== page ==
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Thanks Chief Constable but there’s no need to apologise for historic wrongs on our behalf

Historic apologies on behalf of others may seem virtuous but are usually meaningless and often misguided....

This is the my latest Scotsman column, published in today's paper (11th June 2024).

I was bemused to see a letter published last week from Scotland’s chief constable in which she made a general apology for “recent and historic prejudice against LGBT+ people from those within the police force”. There seems to be a trend for such retrospective apologies on behalf of others now, but in this case it was totally unnecessary. As a former police officer I am sure I speak for many of my generation when I say, thanks for the thought Chief, but we have no need to apologise. We enforced the law as it was at the time we served, and for the vast majority did it fairly and with a degree of discretion.

I go further, and say that from a personal standpoint I certainly do not apologise. On the contrary, I am proud of the efforts my old force, Lothian & Borders, made to reach out to all marginalised communities. Over many years we did our utmost to build trust and good relationships with all, including the LGBT+ community. The fact that I still have many friends and contacts in these communities indicates to me that we did not get everything wrong.

We even managed to make contact with the most marginalised group of all, male sex workers, the young rent boys who plied their trade around Edinburgh’s Calton Hill, and who were frequently the victims of vicious assault. Sadly I believe that this vulnerable group has retreated back into the shadows. Even after all these years and with all we know, our Government still only sees the sex industry through a feminist lens, as a manifestation of violence against women. With very few exceptions historic apologies on behalf of others may seem virtuous but are usually meaningless and often misguided.

And speaking of misguided, I was depressed by the recent craven capitulation of the Edinburgh Book Festival when they allowed themselves to be bullied out of their sponsorship deal with Baillie Gifford. Like all investment platforms Baillie Gifford is obliged to invest their clients fund’s prudently and across a range of products. In the real world of today that still includes Hydro Carbons. But it is very bad news for book festivals and now others are falling like ninepins, under pressure from the same minority groups.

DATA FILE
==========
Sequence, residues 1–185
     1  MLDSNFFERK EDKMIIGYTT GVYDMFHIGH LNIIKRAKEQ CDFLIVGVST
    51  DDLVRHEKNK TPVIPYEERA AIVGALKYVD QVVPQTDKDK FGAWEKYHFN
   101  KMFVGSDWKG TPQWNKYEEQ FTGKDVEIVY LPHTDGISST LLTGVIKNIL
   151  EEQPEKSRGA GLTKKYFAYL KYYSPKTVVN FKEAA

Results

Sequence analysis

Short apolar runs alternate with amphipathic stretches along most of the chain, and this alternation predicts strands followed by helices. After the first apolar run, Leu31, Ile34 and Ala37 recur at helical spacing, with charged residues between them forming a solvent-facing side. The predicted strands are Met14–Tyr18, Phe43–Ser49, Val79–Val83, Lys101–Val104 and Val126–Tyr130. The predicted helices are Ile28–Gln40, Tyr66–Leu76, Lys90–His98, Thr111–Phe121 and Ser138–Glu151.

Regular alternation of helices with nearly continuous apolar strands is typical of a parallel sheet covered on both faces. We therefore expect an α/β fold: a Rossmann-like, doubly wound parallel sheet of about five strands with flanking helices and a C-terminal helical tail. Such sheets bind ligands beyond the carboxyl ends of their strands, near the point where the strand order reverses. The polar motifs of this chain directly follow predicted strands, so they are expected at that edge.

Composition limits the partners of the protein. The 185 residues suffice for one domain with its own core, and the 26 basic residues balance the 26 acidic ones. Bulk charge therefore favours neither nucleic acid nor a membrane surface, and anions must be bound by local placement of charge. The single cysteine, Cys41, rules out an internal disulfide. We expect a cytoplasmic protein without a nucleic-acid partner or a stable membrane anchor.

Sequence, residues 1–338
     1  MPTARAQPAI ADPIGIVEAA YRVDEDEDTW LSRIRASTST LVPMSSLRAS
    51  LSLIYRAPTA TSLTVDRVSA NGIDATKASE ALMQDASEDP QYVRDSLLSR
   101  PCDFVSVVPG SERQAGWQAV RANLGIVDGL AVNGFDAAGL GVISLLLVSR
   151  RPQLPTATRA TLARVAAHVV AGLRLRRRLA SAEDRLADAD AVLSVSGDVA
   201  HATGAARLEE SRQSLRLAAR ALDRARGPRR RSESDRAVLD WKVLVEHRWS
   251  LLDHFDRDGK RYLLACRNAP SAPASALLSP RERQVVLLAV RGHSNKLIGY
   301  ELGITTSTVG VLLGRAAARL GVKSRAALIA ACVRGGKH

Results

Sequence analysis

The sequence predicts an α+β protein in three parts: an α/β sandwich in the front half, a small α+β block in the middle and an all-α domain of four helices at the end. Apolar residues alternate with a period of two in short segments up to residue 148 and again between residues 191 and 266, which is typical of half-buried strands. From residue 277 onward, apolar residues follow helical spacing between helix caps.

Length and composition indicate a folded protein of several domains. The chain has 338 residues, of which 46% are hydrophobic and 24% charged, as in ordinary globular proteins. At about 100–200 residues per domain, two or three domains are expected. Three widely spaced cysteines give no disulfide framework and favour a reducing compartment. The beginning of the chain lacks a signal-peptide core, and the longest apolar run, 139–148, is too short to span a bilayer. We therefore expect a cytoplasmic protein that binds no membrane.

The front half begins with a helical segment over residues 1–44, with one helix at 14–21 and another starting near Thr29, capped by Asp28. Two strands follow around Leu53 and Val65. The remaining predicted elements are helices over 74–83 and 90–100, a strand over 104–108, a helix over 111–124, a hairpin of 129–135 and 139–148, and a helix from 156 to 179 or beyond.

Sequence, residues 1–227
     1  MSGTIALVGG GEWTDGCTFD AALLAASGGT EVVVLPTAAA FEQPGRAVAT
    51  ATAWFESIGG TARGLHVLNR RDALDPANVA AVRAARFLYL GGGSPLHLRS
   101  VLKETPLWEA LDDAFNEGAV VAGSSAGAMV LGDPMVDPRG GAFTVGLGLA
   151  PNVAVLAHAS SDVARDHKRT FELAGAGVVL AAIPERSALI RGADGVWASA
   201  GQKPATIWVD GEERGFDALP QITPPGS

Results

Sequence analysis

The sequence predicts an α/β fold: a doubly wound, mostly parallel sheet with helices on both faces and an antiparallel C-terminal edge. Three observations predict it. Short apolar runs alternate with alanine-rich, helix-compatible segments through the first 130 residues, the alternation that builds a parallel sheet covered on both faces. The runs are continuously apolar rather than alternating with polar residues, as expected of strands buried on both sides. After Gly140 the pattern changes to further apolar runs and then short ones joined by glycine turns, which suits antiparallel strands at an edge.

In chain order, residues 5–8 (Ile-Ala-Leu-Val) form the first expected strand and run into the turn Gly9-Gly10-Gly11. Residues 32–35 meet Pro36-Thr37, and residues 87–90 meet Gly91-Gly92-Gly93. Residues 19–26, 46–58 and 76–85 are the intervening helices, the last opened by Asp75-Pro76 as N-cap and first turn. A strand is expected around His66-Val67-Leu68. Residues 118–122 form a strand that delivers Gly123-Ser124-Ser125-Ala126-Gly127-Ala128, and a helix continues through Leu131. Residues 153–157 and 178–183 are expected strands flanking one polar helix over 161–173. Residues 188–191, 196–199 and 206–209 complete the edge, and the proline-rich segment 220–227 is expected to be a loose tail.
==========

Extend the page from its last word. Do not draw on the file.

And there’s another problem. Having displayed such disloyalty to old partners, where will all these festivals find such generous sponsors in the future? In truth the large book festival scene has been shifting shape for some time, many now as much luvvie as literature. I’m not sure about you, but I don’t want to hear failed politicians or tours of self justification, especially when they have not actually written a book.

Perhaps the big book fests have had their day after all, and to fill the gap many book shops and publishers are now organising smaller bespoke events, much more like the book festivals of old. But apart from this seeming act of self destruction, the Edinburgh Book Festival capitulation has done us all a great disservice. We know that all bullies from playground up have one characteristic in common. No matter their stated cause or flag of convenience, weakness only emboldens them.

The ‘activists’ who have been allowed to damage the book festivals will surely find another cause on which to impose their narrow views. Taking a stand will get harder and harder but it must be done and when it is, we the public must give our direct support.

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